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Koerner: Innovations with Texturas and Cold Smoking

“Using new ingredients is one of the ways we continue to evolve.” - Ferran Adrià

In the natural world, evolution can take generations. In the culinary world, it can happen nearly overnight. Spherification, emulsifiers, cold smoking, hydrocolloids, foams, airs— less than a decade ago, you’d never hear these words in a kitchen. Today, they’re making waves in kitchens and on plates across the world as chefs add these new, exciting techniques and textures to their repertoires.

Spherical mango ravioli, liquid olives, frozen chocolate air, deep-fried béarnaise, aromatic pillows… Anything is possible, as long as you have the tools you need to stay on the cutting edge.

The Koerner Company will help you stay inspired with innovative tools like the el Bulli Texturas from Albert & Ferran Adrià product line and the Smoky Express hot and cold smoker. The techniques below are just the beginning!

Spherification & Reverse Spherification Technique
Spherification: create delicate spherical shapes with thin membranes by submerging a liquid with Texturas Algin in a water bath with Texturas Calcic
Reverse Spherification: create stable, long lasting spheres by submerging a liquid with Gluco in a bath of Algin
The Tools
Texturas Algin + Calcic + Citras + Gluco + Xantan: odorless, flavorless powders that enable spherification (note: natural/vegetable origin)
Eines: a kit with two syringes, collecting spoon, and various sized droppers to make spheres of different diameters.
Who's Doing It
Chef Jose Andres (Café Atlantico, Washington, DC) uses spherification to make delicate liquid olives that burst on the palate.

Chefs Dirk Flanigan (The Gage, Chicago) and his pastry sous Katy Nelson do a fried spherification of ganache for their Coffee and Doughnuts.

Chefs Dana Tough and Brian McCracken (Spur,Seattle) use reverse spherification to create encapsulated balls of béarnaise sauce that are stable enough to be deep fried.

Gellification Technique
Gellification: create gels of varying strengths, densities, and textures (note: hot gelatins, gelatins that can be frozen)
The Tools
Texturas Agar + Kappa + Iota + Gellan + Metil: odorless, flavorless powders derived from algae, fermentation, and vegetables that enable an incredible range of gelled textures that can withstand varying amounts of heat

Who's Doing It
Elizabeth Falkner (Citizen Cake, San Francisco) uses Agar to thicken juniper sauce in her dessert, The Sting.

At Crush (Seattle) chef Jason Wilson uses Texturas Lecite, Metil, Xantana, Agar and Gellan. Wilson uses the Metil primarily for hot foam applications; it goes into their preserved Meyer lemon sabayon, aged pecorino and truffle froth, stinging nettle froth, lobster sabayon…click here for more.

Thickening Technique
Thickening: thicken liquids and sauces to desired viscosity (note: it can retain gas)
The Tool
Texturas Xantana:
enables thickening of liquids (including alcohol) with no distortion of color and taste

Who’s Doing It
Chef Dirk Flanigan also uses Texturas Xantana to thicken the cabbage vinaigrette that tops his slow-roasted Gunthorp Farms Pork Shoulder. The pork is roasted in a low-temp oven for 15 hours …click here for more

Emulsification Technique
Emulsification: make emulsions that would otherwise be very difficult to obtain
The Tools
Texturas Lecite + Sucro + Glice: used to create stable airs, and stable fat and water emulsions
Who’s Doing It
Liquid Chef Junior Merino wanted his Pastis Espuma in his Textures, Densities & Sensations cocktail to be extremely light yet with the mouthfeel of a mousse.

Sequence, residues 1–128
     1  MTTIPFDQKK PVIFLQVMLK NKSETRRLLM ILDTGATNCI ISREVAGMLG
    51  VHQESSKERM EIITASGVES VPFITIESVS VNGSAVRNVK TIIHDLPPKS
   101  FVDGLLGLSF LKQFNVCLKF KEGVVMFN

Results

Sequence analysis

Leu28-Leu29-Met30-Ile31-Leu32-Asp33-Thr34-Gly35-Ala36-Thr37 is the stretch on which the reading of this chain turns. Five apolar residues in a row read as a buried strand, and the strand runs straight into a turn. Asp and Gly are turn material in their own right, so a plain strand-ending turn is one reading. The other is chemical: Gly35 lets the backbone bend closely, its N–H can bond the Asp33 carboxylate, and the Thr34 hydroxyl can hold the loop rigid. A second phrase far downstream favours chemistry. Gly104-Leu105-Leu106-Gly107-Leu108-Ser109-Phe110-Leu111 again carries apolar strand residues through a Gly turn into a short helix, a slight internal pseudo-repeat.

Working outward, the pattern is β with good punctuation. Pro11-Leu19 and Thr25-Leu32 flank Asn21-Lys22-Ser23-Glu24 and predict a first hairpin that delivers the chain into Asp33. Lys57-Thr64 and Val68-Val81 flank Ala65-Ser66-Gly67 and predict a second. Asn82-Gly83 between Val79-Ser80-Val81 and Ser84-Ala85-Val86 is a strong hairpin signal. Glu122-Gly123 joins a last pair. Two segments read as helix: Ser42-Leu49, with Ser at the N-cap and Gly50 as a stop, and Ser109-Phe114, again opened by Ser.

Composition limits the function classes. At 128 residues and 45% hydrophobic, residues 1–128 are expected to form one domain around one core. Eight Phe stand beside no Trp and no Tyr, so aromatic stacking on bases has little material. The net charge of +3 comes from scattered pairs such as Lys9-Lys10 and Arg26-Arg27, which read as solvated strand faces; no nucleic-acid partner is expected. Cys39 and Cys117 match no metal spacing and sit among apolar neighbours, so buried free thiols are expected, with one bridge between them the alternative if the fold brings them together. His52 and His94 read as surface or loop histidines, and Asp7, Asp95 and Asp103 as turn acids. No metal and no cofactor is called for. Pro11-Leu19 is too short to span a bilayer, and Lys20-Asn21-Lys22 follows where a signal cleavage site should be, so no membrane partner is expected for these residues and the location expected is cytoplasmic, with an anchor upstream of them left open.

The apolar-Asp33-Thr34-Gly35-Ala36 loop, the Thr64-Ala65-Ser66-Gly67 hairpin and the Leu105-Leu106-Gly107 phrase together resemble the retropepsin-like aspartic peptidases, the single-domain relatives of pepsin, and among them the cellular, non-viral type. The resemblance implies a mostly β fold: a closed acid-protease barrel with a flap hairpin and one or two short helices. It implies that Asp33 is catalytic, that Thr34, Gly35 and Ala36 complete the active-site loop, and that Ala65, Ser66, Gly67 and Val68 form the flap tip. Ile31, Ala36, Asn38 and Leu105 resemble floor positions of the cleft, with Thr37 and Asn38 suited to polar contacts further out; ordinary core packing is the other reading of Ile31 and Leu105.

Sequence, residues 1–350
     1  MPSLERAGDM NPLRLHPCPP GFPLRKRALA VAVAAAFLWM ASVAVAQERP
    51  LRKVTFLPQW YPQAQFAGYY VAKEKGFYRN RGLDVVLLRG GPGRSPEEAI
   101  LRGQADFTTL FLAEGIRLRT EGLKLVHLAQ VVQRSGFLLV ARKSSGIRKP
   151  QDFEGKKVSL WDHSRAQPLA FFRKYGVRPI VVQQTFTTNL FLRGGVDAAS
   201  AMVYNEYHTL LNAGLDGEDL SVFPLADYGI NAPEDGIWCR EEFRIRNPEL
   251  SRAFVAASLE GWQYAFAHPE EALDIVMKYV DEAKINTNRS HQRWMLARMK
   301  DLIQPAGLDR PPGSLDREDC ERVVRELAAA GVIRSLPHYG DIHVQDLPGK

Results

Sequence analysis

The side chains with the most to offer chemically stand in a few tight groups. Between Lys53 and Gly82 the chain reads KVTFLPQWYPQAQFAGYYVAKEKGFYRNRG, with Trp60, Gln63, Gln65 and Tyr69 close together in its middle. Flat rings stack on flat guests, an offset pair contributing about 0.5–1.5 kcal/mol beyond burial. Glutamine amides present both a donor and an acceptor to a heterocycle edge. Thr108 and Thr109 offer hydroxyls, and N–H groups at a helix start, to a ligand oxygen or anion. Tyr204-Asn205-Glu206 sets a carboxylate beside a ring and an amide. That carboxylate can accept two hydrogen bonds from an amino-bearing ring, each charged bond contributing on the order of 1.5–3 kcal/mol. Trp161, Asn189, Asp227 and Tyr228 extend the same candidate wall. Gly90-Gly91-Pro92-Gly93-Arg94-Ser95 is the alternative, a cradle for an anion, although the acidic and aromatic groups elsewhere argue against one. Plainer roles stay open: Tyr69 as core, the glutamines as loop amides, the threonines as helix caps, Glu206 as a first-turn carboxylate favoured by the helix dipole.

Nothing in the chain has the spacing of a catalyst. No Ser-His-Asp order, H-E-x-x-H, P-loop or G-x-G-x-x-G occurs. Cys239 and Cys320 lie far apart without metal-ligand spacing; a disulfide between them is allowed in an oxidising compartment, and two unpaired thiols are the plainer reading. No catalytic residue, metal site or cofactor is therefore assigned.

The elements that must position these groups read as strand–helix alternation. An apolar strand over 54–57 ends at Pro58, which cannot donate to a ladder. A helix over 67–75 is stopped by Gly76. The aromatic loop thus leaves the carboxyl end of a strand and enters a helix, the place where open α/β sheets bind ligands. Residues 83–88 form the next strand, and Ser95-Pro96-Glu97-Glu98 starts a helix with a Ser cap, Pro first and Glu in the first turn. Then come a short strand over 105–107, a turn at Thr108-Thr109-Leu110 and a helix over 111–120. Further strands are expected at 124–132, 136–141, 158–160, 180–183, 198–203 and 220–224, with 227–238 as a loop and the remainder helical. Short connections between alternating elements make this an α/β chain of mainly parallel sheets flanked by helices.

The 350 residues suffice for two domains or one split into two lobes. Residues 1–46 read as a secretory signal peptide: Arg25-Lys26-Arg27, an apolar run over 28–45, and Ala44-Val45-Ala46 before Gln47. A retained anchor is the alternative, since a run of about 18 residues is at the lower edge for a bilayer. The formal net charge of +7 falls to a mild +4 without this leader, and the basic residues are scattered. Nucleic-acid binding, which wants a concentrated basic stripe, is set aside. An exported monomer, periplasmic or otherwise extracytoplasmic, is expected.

Effervescence Technique
Effervescence: make a fizzing, bubbling, tingling sensation on the tongue
The Tool
Texturas Fizzy: effervescent granules that add effervescence without adding flavor
Powdered Fats Technique
Powdered Fats: turn liquid fat (chocolate, oil, etc) into powder
The Tool
Texturas Malto: a carbohydrate that absorbs oils and enables the creation of powders from fatty liquids
Who’s Doing It
Pastry Chef Adrian Vasquez (Providence, Los Angeles) makes white chocolate powder to garnish his dessert of white chocolate mousse. Pastry Chef Michael Laiskonis (Le Bernardin, New York) makes an inventive petite four of peanut powder in a chocolate shell.

Hot and Cold Smoking Techniques
Hot Smoking: rapidly add the flavor and scent of smoke to an ingredient or a dish
Cold Smoking: slowly and gently add the flavor and scent of smoke to a dish without heating or cooking
Smoke Essence: create aromatized condensation (natural liquid smoke) to add to sauces, brines, oils, and more
The Tool
Smoky Express Smoker: a single, compact tool that enables hot smoking, cold smoking, and the creation of smoke essence all in one
Who’s Doing It
Mixologist David Nelson (Spur, Seattle) smokes Laphroaig whiskey syrup before shooting it through a siphon to top his Smoky Martini.
 

Koerner Video
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Now available in the US for the first time, COOKAL, the highly refined alcohol obtained from beetroot, flavored with aromatic essential oils – yet another way to creatively infuse your dishes!  It completely eliminates the need for a torch or salamander when you brûlée.  For more information, contact Koerner  or for additional product information, please click here. 


Beef Carpaccio with Deep-Fried Béarnaise
Chefs Brian McCracken and Dana Tough of Spur – Seattle, WA


Mixologist Junior Merino of The Liquid Chef, Inc demonstrates his Textures, Densities and Sensations cocktail at ICC 2008.


Inventive Petit Fours: Chocolate-Peanut, Chocolate-Corn, Chocolate-Menthol Pastry
Chef Michael Laiskonis of Le Bernardin – New York, NY


The Smoky Express


Smoky Martini
Mixologist David Nelson of Spur – Seattle, WA


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